Rick Altman is professor of cinema and comparative literature at the University of Iowa. He is the author of The American Film Musical (1987) and the editor of Cinema/Sound (1980), Genre: The Musical (1981), Sound Theory/Sound Practice (1992), and The Sounds of Early Cinema (with Richard Abel, 2001). His book Film/Genre won the 1999 Society for Cinema Studies Katherine S. Kovacs award as best film book published in 1999 and has appeared in Spanish, Finnish, and Korean. His troupe, the Living Nickelodeon, re-creates early film and illustrated song slide exhibitions. With support from the American Council of Learned Societies, he is currently writing a book on silent film sound.
Kyle Barnett is a Ph.D. student in the Department of Radio-Television-Film at the University of Texas at Austin. His research interests include the study of popular music across media technologies, film and media studies, and contemporary cultural criticism. His dissertation is on the emergence of musical genres within the U.S. recording industry.
Holly Ann Custard is a graduate student at the University of Texas at Austin in Radio-TV-Film. She is currently researching issues related to digital media and globalization.
Priya Jha is assistant professor of English at Murray State University. Her work focuses on representations of gender and sexuality in postcolonial nationalist production. She is currently working on a project that examines the creation of masculinities in postcolonial India.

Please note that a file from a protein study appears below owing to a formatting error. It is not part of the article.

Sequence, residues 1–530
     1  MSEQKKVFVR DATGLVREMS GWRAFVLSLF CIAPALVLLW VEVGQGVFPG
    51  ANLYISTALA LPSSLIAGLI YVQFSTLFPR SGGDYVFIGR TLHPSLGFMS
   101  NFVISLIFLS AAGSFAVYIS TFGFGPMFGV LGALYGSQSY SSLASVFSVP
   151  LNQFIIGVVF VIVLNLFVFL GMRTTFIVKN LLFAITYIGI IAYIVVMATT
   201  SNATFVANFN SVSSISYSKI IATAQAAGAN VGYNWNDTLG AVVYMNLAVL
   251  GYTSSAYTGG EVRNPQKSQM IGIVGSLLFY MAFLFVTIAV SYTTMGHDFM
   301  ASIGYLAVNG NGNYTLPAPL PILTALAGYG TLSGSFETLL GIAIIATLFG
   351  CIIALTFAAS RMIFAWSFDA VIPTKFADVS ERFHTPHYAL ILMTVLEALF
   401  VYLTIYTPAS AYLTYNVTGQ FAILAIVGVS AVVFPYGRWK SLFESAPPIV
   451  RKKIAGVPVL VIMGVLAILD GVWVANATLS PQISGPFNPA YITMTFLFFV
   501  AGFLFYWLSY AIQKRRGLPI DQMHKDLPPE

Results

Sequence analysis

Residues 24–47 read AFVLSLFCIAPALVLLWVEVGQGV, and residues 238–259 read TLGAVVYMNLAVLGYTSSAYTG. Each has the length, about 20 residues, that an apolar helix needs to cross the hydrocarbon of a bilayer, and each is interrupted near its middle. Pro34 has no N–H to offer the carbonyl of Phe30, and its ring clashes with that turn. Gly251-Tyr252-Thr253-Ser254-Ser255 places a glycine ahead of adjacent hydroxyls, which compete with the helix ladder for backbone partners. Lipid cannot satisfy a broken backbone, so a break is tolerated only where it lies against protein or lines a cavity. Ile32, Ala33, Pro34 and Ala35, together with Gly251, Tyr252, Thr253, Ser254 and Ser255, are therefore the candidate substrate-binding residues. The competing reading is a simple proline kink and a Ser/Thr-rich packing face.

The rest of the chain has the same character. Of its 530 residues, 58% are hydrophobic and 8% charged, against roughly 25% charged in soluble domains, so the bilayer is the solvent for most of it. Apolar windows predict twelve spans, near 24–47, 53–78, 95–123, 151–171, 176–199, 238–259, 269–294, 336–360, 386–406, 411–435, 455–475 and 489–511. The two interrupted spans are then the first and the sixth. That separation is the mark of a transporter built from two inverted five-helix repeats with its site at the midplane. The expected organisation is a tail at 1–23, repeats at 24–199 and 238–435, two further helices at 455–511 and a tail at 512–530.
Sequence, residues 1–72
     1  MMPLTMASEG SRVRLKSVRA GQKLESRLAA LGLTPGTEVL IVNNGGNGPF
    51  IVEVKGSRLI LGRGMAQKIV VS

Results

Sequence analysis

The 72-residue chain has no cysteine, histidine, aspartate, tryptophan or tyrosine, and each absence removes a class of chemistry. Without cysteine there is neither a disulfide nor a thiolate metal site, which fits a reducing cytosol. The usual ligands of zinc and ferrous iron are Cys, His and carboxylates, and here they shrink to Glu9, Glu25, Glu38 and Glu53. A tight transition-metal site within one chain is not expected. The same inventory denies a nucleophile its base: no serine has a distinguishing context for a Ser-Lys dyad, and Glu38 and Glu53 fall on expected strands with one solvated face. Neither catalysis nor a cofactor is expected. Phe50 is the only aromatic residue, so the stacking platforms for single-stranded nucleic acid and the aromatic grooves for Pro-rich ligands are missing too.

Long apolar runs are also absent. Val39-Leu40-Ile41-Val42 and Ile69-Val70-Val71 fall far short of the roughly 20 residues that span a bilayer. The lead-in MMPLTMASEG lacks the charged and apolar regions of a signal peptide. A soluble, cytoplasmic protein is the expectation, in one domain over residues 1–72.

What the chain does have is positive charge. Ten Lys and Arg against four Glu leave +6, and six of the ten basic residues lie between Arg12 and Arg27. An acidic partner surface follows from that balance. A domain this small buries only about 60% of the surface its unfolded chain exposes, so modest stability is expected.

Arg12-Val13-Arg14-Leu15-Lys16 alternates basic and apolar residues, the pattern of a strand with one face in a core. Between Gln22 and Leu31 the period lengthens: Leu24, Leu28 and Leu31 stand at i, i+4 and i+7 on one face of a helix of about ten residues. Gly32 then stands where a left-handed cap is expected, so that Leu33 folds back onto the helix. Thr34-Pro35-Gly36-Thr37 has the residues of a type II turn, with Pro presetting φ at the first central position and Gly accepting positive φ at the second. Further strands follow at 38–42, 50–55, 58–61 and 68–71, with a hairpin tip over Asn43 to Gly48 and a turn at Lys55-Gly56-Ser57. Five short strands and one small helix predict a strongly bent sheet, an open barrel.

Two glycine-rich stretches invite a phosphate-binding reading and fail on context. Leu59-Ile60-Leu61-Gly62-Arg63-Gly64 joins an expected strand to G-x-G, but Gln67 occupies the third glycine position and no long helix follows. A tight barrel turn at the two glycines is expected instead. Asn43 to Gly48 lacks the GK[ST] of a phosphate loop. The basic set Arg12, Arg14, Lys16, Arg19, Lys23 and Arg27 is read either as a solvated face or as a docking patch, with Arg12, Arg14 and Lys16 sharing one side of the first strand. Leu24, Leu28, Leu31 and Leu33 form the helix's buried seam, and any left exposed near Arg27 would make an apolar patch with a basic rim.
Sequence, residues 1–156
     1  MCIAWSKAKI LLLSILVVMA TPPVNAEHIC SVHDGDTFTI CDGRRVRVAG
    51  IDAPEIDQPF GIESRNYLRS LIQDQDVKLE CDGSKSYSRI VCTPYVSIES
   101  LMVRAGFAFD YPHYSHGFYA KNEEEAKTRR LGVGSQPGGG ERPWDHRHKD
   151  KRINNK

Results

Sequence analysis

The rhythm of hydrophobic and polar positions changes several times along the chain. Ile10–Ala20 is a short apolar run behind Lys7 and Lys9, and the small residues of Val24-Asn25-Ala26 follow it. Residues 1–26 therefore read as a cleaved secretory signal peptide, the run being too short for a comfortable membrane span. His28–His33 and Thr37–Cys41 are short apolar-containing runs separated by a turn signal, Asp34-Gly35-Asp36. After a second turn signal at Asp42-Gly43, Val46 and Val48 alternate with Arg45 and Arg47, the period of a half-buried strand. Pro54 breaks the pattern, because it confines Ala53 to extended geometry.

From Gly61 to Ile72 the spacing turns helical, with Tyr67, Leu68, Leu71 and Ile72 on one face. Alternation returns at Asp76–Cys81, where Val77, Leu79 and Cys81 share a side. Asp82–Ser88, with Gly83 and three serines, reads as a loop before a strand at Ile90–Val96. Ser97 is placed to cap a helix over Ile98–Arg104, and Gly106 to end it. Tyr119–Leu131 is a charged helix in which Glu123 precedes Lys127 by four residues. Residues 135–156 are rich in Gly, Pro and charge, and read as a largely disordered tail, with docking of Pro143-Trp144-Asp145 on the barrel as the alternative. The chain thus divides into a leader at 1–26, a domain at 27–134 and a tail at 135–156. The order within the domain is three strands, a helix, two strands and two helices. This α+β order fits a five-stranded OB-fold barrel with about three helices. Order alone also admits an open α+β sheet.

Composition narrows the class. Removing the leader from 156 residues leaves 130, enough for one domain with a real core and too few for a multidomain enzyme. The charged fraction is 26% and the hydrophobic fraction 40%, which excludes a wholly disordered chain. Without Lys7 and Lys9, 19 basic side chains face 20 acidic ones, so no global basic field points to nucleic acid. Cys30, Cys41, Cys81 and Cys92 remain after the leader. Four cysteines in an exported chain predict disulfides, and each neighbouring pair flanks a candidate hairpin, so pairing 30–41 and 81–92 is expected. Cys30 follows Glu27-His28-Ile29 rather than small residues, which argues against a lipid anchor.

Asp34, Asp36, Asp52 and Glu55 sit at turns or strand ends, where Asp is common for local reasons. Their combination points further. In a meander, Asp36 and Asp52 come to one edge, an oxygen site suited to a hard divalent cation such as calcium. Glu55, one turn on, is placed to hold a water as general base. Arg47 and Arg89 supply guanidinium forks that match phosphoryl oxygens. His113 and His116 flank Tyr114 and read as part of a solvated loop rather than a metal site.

Erich Pelletier is a master of arts candidate in the Department of Radio-Television-Film at the University of Texas at Austin. He works primarily in critical race theory, surveillance and privacy issues, and the emerging scholarship on video games.
Craig Sinclair is a Ph.D. candidate in the Department of Comparative Literature at the University of Massachusetts, Amherst. He teaches classes on film, cultural, and conspiracy studies that question the contemporary condition and interrogate the postpostmodern world.
Jeff Smith is an associate professor at Washington University in St. Louis and the author of The Sounds of Commerce: Marketing Popular Film Music (1998).
Robert Spadoni is a doctoral candidate in the Department of English at the University of Chicago, where he is completing his dissertation on the influence of the coming of sound film on the early development of the horror genre in Hollywood cinema.
Debra White-Stanley is a Ph.D. student in the Department of English at the University of Arizona, where she has taught courses on “Adaptations and Remakes,” “Writing about Film,” “Race and Aesthetics,” and “The Road in Film and Literature.” She earned her M.A. in media arts in the Department of Media Arts at the University of Arizona and an M.A. in English in the Department of English at the University of Massachusetts, Boston. Currently, she is researching cinematic and literary representations of world war for her dissertation and can be reached through her web site at www.u.arizona.edu/~debraw. [End Page 1]